1. Jenkins+Github+Dashing+TV+Raspberry Pi = Project-Cockpit

    In our office we had a spare TV and wanted to use it as an information radiator in our room.

    As our setup involves Github where pull requests are built with Jenkins to verify everything is working as expected, I wanted to put the success rate of the builds, the build health and the latest open pull request on the screen.

    The screen is hooked up to a Raspberry Pi, so I had a vast amount of possibilities to get something on screen.

    After having a look at Dashing, I decided to go for it and build the project-cockpit project on top of it.

    It uses the Jenkins API to get the ration of successful / non-successful builds as well as the latest build state. It also calls the Github API to get the latest pull request to display the name and picture of the author and the title of the pull request on the dashboard.

    This is how it looks like in action:

    In case the latest build is broken, it plays a Youtube Video of an exploding nuclear bomb.

    The next step will be to show the JIRA tickets in the different stages (open, in progress, done).


  2. NASA Space Apps Challenge Lausanne - C&C CubeSat Project


    CubeSats are small sats for educational purposes

    This weekend the “NASA Space Apps Challenge” took place and I participated at the EPFL, Lausanne to work on a challenge about communicating with multiple CubeSats in space

    Our amazing team decided to go all the way from “Satellites throw some bytes on us” to “You can tap a button on your iPad and see temperature curve of Satellite #1 for the last 10 days”. Our Code is on GitHub.

    What a weekend!

    This weekend, the NASA Space Apps Challenge took place and a few cool guys and I decided to tackle the “New command & control system for CubeSat”-Challenge.

    We were participating at the EPFL, Lausanne - a very nice location with a lot of cool people there! We had a lot of fun on Saturday & Sunday and I’ll definitely try to attend next time, too.

    Thanks a lot

    The organization team surely did a great job and I want to thank all of them! (I can only name a few of you, but you all did a great job, so count this as a big THANK YOU! to every one of you!)

    For our project, I would like to give a big thank you to the guys from the Swiss Space Center and Dr. Anton Ivanov for his patience and knowledge. Without him we wouldn’t have had a clue where to find the right specs to talk with CubeSats.

    And last but not least: My teammates. You’re awesome guys! Let’s keep up the good work!

    The Challenge: Command & Control CubeSats

    So our challenge was to create a command & control system for CubeSat satellites.

    As Dr. Anton Ivanov from the Swiss Space Center pointed out to us, there is already a solution going from the packetization layer up to the end-user.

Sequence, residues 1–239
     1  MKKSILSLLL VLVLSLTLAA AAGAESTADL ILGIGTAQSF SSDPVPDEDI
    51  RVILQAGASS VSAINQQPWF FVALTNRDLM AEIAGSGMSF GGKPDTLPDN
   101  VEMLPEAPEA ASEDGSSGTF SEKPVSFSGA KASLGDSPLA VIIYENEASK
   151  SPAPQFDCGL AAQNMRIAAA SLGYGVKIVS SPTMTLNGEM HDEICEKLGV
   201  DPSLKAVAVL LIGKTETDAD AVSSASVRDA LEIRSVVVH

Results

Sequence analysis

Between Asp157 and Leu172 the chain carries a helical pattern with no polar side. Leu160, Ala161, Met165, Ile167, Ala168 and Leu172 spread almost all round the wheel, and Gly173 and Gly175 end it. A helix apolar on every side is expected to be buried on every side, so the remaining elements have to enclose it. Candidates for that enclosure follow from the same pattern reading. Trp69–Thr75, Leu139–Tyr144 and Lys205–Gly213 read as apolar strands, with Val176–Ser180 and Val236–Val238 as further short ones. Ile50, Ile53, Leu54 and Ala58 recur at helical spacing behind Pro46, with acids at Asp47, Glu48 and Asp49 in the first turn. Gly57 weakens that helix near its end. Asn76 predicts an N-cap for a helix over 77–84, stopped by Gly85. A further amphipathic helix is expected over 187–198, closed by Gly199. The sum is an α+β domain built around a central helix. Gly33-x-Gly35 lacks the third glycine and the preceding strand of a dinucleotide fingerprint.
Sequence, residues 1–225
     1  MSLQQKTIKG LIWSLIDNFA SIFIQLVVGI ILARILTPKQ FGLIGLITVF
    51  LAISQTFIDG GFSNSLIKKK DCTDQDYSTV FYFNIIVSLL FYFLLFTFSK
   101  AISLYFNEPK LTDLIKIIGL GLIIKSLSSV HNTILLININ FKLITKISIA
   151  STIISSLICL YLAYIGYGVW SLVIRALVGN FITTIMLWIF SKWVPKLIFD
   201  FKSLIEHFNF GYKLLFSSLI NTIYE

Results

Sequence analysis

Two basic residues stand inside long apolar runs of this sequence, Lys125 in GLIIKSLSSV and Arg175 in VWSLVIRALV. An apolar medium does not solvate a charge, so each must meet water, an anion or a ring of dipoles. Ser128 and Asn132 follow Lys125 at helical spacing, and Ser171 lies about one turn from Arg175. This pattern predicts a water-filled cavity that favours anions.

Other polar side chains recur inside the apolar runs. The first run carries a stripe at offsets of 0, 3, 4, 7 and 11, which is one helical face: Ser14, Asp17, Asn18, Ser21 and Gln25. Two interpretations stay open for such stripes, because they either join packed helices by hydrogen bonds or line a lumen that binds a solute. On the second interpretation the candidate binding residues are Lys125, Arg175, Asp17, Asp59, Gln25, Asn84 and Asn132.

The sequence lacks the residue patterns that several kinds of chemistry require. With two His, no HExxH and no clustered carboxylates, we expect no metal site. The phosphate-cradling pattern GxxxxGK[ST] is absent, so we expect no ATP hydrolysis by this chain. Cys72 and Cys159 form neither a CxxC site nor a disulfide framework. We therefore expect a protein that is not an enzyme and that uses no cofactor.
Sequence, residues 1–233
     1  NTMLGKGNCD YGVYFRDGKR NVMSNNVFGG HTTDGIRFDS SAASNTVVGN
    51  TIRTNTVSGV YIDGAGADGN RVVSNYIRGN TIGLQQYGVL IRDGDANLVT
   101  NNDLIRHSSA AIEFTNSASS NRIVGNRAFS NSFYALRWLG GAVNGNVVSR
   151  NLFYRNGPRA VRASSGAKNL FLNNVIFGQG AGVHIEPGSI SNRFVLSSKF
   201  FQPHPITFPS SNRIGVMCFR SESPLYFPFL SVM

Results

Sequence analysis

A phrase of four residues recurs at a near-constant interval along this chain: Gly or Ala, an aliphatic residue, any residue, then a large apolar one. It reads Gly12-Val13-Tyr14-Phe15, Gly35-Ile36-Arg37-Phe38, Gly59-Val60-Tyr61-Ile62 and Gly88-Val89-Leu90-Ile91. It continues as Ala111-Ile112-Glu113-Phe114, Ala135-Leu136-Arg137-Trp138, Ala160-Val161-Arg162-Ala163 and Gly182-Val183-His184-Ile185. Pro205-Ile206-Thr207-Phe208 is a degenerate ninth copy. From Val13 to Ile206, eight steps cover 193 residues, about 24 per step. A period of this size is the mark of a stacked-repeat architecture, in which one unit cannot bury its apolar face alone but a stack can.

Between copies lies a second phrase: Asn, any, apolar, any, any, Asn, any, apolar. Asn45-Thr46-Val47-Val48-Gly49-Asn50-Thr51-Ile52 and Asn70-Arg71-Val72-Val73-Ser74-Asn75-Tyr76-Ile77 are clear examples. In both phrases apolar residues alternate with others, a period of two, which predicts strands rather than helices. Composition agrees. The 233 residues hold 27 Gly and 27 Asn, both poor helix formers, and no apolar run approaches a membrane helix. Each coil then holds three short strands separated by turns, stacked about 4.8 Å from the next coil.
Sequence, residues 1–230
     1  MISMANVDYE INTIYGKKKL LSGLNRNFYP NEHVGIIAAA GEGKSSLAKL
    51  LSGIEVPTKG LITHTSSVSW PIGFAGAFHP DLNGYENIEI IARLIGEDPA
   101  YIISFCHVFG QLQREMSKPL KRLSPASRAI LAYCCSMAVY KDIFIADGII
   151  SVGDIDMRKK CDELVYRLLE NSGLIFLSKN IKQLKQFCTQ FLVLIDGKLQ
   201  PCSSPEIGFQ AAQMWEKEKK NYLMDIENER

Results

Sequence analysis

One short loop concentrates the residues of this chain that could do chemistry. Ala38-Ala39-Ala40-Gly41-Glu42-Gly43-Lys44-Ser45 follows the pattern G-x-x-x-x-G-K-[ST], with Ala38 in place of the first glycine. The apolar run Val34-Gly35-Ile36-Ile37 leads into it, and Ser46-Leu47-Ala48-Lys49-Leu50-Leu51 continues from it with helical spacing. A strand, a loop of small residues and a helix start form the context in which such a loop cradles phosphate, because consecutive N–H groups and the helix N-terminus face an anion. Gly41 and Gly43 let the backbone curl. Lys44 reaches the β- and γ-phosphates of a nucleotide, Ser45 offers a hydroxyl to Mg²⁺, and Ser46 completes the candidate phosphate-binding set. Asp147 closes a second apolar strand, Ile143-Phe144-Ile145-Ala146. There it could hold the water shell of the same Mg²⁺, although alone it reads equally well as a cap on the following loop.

That solution is currently capable of talking to a single satellite (currently “Swisscube 1” - call-sign “HB9EG”).

    Our task now is to go down one layer and take encapsulated TC-Transfer-Frames (resp. Segments) and assemble them together to TC-Command-Packets again.

    Our architecture is built upon 4 components:

    1. A packet-generator generating sample packets and puts them into frames and a library to reassemble packets from some given frames.
    2. An interface to put packets enriched by information about the sending spacecraft and the status of the packet (valid or invalid) into a database
    3. An API-layer to access data from the database as JSON
    4. A client-application for the end-user (for demo purposes)
    For the sake of simplicity, the first to steps are both done in the packet generator, but can be easily deferred by using the packet generation functions and the packet reassembling functions separately.

    Our result

    We put our code on GitHub - more detailed documentation is in the wiki there.

    We’ve been chosen as one of the two projects nominated for the global NASA challenge. (This is the other one, if I remember correctly)

    The current status is:

    • We have a basic version of the packet generator and the library (currently it only validates frames, but I am currently implementing the other functions [i.e. packet assembling and enrichment for the database).
    • The API-Layer generates dummy data for testing purposes already (see the wiki).
    • The client application exists in static mockups (more and more)

    And the T-Shirt goes to…

    Thanks to the sponsors (NASA, Swiss Space Center and evolucix - tell me if I missed someone) the two teams nominated for the global challenge got T-Shirts! Yay!


    I am not really sure how exactly this will go on - the team stays in touch and we’ll be giving some presentation at the Swiss Space Lab - and are participating at the global challenge. But how exactly this will all will happen is unknown to me now. Stay tuned!


  3. Android Speech Control

    Recently I’ve been creating an Android App to enable fully adaptable speech-command-control for my phone.

    The App is called “Geniedroid” and can be customized to react on any keyword you want with a variety of different actions:

    • Call: You can call a predefined contact or the contact mentioned after the keyword.
    • SMS: Go to the SMS composer to compose an SMS for the contact mentioned after the keyword or a predefined contact.
    • Run: Run the app previously linked to that keyword in the config.
    • Search: Do a web-search for the term mentioned after the keyword or perform a predefined query.

    The keywords itself are chosen by you. For example, you may bind the keyword “Photo” to launching the camera-app - or you may prefer linking this action to the keyword “Cam”. Its up to you!

    If you want to give it a try, you can find the file here. GenieDroid is tested with Android 2.1 - may run with lower versions.


  4. Slide: Live-CD available!

    As mentioned in my last article, I am currently building a desktop environment, called Slide (Simple, Lightweight, Individual Desktop Environment).